Martin says, "As churches, we must approach justice (the attribute of God) and justice ministry (the activity in which we engage) in the same way." The battle is already raging. It's time for the church to effectively engage. The Just Church will challenge and equip any individual or church committed to fighting oppression and injustice!
Three years ago, I was a leader of a home group through a college ministry in Dallas, Texas. We studied to book of Micah, felt very compelled that we were called to engage in the work of justice, found a cause we were passionate about (human trafficking), and tried to get started. What we quickly found is that outrage and indignation would not sustain a justice ministry. Eventually, our efforts fizzled out without any noticeable impact.
I know those members of the small group. They are dear friends of mine. I know their hearts. I know they really desired to engage human trafficking. The reason that project fizzled out had nothing to do with hardened, calloused hearts. It was because we lacked a plan to really engage in the work of justice.
This experience makes Jim Martin's book, The Just Church really exciting for me. In his book, he lays out a plan for the beginnings of a justice ministry in the local church. This plan, if followed, could help put teeth to the tiger of indignation that wells up in any compassionate heart that hears of the injustice people suffer all over the world.
In the first part of the book, Martin lays out the beginnings of what is necessary to engage justice. He lays out principles that would be useful to a believer dealing with any area of discipleship. Perhaps the greatest challenge he issues is to believers is to be willing to â€˜get into trouble.' So much of our lives can be consumed by small, insignificant problems. In order to grow in our faith, Christians must intentionally seek out situations where they must cry out to God, knowing it is only Him that can save them. These situations bring about â€˜failure points' in our faith. Just as muscles must be pushed to the place where they cannot continue to grow, Christians must be brought to places where their faith fails, only to cry out to God, reflect, and experience growth.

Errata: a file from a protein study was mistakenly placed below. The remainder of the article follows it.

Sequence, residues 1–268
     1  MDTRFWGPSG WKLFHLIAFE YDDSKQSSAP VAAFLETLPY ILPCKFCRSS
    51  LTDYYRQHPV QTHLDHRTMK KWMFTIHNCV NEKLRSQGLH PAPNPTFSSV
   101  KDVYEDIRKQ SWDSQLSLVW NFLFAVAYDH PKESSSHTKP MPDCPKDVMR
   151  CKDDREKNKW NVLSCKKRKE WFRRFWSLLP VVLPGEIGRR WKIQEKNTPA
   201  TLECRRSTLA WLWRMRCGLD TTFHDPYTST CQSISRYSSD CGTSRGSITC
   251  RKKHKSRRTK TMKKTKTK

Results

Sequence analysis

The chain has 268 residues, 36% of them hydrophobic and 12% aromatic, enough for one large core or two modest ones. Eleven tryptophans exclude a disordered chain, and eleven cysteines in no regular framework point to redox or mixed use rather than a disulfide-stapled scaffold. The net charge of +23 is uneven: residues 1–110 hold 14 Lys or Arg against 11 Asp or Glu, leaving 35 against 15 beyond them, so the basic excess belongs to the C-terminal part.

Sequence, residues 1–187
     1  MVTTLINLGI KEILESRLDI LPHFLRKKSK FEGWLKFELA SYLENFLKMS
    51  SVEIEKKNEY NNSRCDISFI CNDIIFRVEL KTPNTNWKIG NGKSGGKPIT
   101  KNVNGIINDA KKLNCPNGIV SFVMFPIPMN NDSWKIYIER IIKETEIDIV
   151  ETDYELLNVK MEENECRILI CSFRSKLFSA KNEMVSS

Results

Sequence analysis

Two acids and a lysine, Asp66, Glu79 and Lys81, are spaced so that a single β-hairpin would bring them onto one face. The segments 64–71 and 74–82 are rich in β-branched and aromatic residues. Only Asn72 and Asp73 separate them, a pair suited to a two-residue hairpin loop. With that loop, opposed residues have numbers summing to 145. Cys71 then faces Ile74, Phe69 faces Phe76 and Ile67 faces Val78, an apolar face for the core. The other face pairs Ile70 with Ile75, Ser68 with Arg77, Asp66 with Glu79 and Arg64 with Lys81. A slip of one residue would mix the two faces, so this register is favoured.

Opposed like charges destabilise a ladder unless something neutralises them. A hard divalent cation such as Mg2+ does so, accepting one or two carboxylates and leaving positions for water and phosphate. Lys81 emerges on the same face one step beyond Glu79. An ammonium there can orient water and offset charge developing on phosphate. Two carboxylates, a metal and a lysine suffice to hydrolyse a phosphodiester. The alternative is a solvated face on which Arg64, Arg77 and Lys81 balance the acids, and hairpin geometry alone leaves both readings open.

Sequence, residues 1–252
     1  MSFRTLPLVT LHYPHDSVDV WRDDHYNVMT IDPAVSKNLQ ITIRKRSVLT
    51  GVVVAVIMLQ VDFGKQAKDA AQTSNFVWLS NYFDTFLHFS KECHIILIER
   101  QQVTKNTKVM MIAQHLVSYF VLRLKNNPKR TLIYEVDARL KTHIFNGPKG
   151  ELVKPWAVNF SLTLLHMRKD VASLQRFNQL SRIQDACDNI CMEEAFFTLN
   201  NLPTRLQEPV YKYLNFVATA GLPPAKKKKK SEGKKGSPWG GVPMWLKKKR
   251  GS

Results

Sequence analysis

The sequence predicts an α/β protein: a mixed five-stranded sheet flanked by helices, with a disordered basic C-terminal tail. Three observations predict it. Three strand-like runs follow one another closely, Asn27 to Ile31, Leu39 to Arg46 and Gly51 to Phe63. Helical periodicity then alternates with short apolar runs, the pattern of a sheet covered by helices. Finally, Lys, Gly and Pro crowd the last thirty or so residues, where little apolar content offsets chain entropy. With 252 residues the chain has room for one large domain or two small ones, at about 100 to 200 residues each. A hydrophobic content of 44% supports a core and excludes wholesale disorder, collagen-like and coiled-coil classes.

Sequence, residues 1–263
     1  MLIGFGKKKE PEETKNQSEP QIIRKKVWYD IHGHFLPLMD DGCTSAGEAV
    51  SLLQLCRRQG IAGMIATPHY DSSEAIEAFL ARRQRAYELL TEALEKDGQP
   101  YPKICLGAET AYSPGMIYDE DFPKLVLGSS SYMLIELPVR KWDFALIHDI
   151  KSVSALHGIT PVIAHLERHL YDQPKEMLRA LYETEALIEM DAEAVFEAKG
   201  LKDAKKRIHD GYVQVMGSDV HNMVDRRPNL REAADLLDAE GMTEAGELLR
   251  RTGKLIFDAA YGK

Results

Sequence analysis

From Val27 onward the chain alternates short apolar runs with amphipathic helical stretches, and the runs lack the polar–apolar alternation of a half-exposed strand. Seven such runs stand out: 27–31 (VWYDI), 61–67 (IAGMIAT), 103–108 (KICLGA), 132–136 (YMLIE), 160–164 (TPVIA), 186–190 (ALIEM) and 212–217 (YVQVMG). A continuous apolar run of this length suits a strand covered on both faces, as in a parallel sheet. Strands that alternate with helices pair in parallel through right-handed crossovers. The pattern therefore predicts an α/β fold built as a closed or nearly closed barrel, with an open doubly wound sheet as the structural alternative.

Encountering the dark world associated with a justice ministry will inevitably bring about these situations. As we read the countless psalms that show us people surrounded by enemies, crying out to God for deliverance, we should realize that this is the actual lifestyle of countless people in the world. Martin calls on Christians to make their suffering our suffering and then call out to God for deliverance. As we do this, we will find ways to engage and to do so with both courage and humility.
After laying out principles that are required for a church that wishes to engage justice, Martin goes on to display his plan for beginning a justice ministry in a local church. This is a three-fold process: Encounter, Explore and Engage. These three phases are laid out in detail in his book, and Martin wonderfully balances giving enough detail to be helpful to churches and holding back enough to allow the Holy Spirit to guide particular churches to engage justice ministry according to their unique call.
The book closes with several examples of churches that have done extraordinary work in justice ministry. These churches have responded to the call of God in incredible ways, with one church deciding to take the funds from their building campaign and direct them toward an aftercare program. These churches take the book beyond the theoretical to the practical.
This book is a gift to the church. As a pastor, I believe that anyone in church leadership should take the time to deal with the ideas introduced here. If pastors are willing to walk their congregations through this process, I know that the God of justice would respond in powerful ways. May we all have the courage and humility to allow the creator and savior of the world, the Father of our Lord Jesus Christ, to work through us to rid his creation of oppression. To God be the glory.
I would love to say that I couldn't put this book down. That would be a lie. I had to put it down regularly because it challenged me. I had to stop to think about what it said and what that meant for me in my walk as well as for my church. The phrases he uses and examples he gives will not only stick with me, but have changed the way I look at my faith, justice, my church, the Church, and God. (Yes, it really is that good.)
It may seem hard to believe that one book could affect that many areas, but it is true. The process that a church would follow to grow into an impact player in justice is clearly delineated, but not narrowly defined. I truly believe any church of any size in any location can read this book and find a way to move forward on the road to justice ministry.
Jim Martin is very realistic in his timeline and goals along the way. He does not put any unrealistic expectations into the book. He also gives great examples of what a justice ministry will look like at the end of the process. I have already recommended this book to two churches. I plan on buying a copy for my pastor to read.